The Margex trading platform offers built-in technical analysis tools that the pros rely on, like the RSI, Ichimoku, Bollinger Bands, Fibonacci tools, and the MACD. Here is a step-by-step guide on how to use the MACD to trade crypto with Margex.

Step 1 - Turn on the MACD and highlight any bearish or bullish crossovers. Note: Crossovers are better signals if they appear as a trend line is breach (pictured).

Step 2 - Because this is a bearish crossover on weekly timeframes, it is a signal the uptrend is over and it is time to sell. A trade would be entered either after the two lines have crossed, thus commencing a new downtrend.

Step 3 - Place a stop loss order above the candle where the bearish crossover occurred. BTC dropped another 50% from where the sell order was placed and the stop loss was never triggered.

Step 4 - Traders should plan to take profit at key targets accordingly. Alternatively, a trader can wait for a bullish crossover to close any positions. However, because the MACD is a lagging indicator this isn’t recommended.

How To Avoid False MACD Signals: Understanding MACD Lagging Signals

The MACD is a trend-following momentum indicator. This means at times the trend will have changes prior to the MACD providing a crossover or signal. This has given the MACD a notorious reputation as a lagging indicator. Many argue that the MACD isn’t a great tool to trade with, while others swear by it in their toolset.

However, there are several ways to utilize the MACD effectively. The MACD is a great tool for spotting divergences. Positive divergences aren’t signals to actively trade on, but they can tell a trader a trend change might be coming and the trader can prepare accordingly.

The MACD also works well in conjunction with other technical indicators, such as the RSI, Stochastic, Bollinger Bands, and more. Traders can look for possible Japanese candlestick patterns or watch for MACD crossovers at support or resistance to further improve results of using the tool.

MACD Versus Relative Strength Index (RSI)

The RSI indicator and the MACD indicator are two of the most commonly used momentum indicators used by crypto traders. Although they both measure momentum and the velocity of a price movement, the way each tool provides signals is different.

The Relative Strength Index (RSI) indicates when an asset is overbought or oversold in relation to recent price action. The RSI takes the average gains and losses over 14-periods by default. Traders can experiment further with custom RSI settings.

The MACD is an unbounded oscillator while the RSI is range-bound between a scale of 0 to 100. A RSI reading of over 70 is considered overbought while a reading below 30 is considered oversold. Readings of below 50 are bearish while readings of above 50 are bullish. Because cryptocurrencies are speculative assets, they can remain overbought or oversold for extended periods of time compared to other assets.

The MACD measures the convergence or divergence between the MACD line and the signal line, while the RSI focuses on average price gains and losses during a timeframe. Because the two indicators work differently, they can generate mixed signals. However, when the two technical indicators are giving similar signals, traders have additional confirmation and a higher probability of a profitable trade setup.


The MACD indicator (moving average convergence divergence) is an easy to read tool that provides potential buy and sell signals. However, using the MACD for crypto trading can be confusing for many.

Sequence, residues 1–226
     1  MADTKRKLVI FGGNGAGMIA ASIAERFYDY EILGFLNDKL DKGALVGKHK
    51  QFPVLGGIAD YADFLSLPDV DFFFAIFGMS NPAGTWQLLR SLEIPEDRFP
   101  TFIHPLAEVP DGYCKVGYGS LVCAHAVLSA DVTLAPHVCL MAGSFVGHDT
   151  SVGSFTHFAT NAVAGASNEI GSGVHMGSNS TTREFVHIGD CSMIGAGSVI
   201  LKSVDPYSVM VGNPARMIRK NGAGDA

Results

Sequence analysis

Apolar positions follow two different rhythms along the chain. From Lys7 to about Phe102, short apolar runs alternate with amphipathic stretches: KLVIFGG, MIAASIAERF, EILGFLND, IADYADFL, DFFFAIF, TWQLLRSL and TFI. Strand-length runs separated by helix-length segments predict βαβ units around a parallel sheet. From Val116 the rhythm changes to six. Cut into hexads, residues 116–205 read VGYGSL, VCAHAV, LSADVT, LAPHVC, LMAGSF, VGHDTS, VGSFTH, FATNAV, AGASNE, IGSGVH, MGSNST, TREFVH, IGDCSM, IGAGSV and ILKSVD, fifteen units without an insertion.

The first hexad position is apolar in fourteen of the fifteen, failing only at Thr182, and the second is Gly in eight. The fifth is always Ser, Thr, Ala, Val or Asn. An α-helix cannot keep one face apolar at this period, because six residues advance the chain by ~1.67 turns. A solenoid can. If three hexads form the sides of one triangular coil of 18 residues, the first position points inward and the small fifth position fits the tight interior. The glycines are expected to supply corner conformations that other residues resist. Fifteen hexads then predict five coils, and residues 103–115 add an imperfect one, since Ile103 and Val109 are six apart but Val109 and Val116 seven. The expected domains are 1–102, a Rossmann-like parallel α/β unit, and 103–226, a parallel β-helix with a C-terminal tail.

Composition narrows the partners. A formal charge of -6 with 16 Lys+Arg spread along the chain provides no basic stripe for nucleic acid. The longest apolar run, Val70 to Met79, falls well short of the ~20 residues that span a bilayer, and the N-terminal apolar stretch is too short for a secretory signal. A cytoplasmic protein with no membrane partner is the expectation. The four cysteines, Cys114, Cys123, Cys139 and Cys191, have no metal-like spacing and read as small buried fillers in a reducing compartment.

We have created this MACD crypto trading FAQ to answer any remaining questions about the MACD indicator.

What is a MACD in crypto?

The MACD in crypto refers to a popular technical analysis tool and trend-following momentum oscillator that can be used to generate buy or sell signals, indicate when a market is bullish or bearish, and tell a trader when an asset is potentially oversold or overbought.

What does MACD mean?

MACD stands for moving average convergence/divergence and its signals are provided when the MACD line and signal line converge or diverge in either direction. Convergence can lead to crossovers and momentum changes, while divergence of the two lines can lead to trend continuation. This is not to be confused with a bearish or bullish divergence, which can signal a possible trend change.

Does MACD work with crypto?

The MACD is one of the best tools to use with cryptocurrencies like Bitcoin, Ethereum, and other altcoins offered by Margex. It offers effective signals that momentum has changed in the highly volatile asset class.

How to use the MACD indicator in crypto?

Using the MACD indicator in crypto involves looking for potential crossovers and changes in momentum. It also can be used to find bullish divergences and bearish divergences. The tool can also be used to tell when an asset is bullish or bearish, or oversold or overbought.

Is MACD crypto trading profitable?

The MACD can be a profitable technical trading indicator when used in conjunction with other indicators, support and resistance, chart patterns, Japanese candlestick patterns, and more. By itself, its signals can be unreliable and it has an infamous reputation for being a lagging indicator.

Is MACD a good indicator?

The MACD indicator isn’t one of the most popular indicators in technical analysis for nothing! The tool is great for hindsight comparisons and for finding potential setups before they occur. The key is using the MACD to look for potential divergences and then use the RSI or other tools and signals and wait for confirmation. The combination of the tools can increase the probability of success.

Which MACD is best?

For most intents and purposes, the regular MACD is best on default settings. However, when looking at large price movements over a longer timeframe, such as the entire price history of Bitcoin, using a logarithmic price chart in conjunction with the LMACD can work even better. The LMACD is the logarithmic version of the MACD and can give a better comparison between past price movements in terms of momentum.

Which is better, MACD or RSI?

For taking trades and entering positions, the RSI is a better technical indicator. However, for marking major momentum changes, there is no better tool than the MACD. Major momentum changes often happen in price before they occur on the MACD, giving the indicator a bad reputation as a lagging indicator. However, when used to prepare in advance for moves that are later confirmed by the RSI, the MACD and RSI can be a winning combination.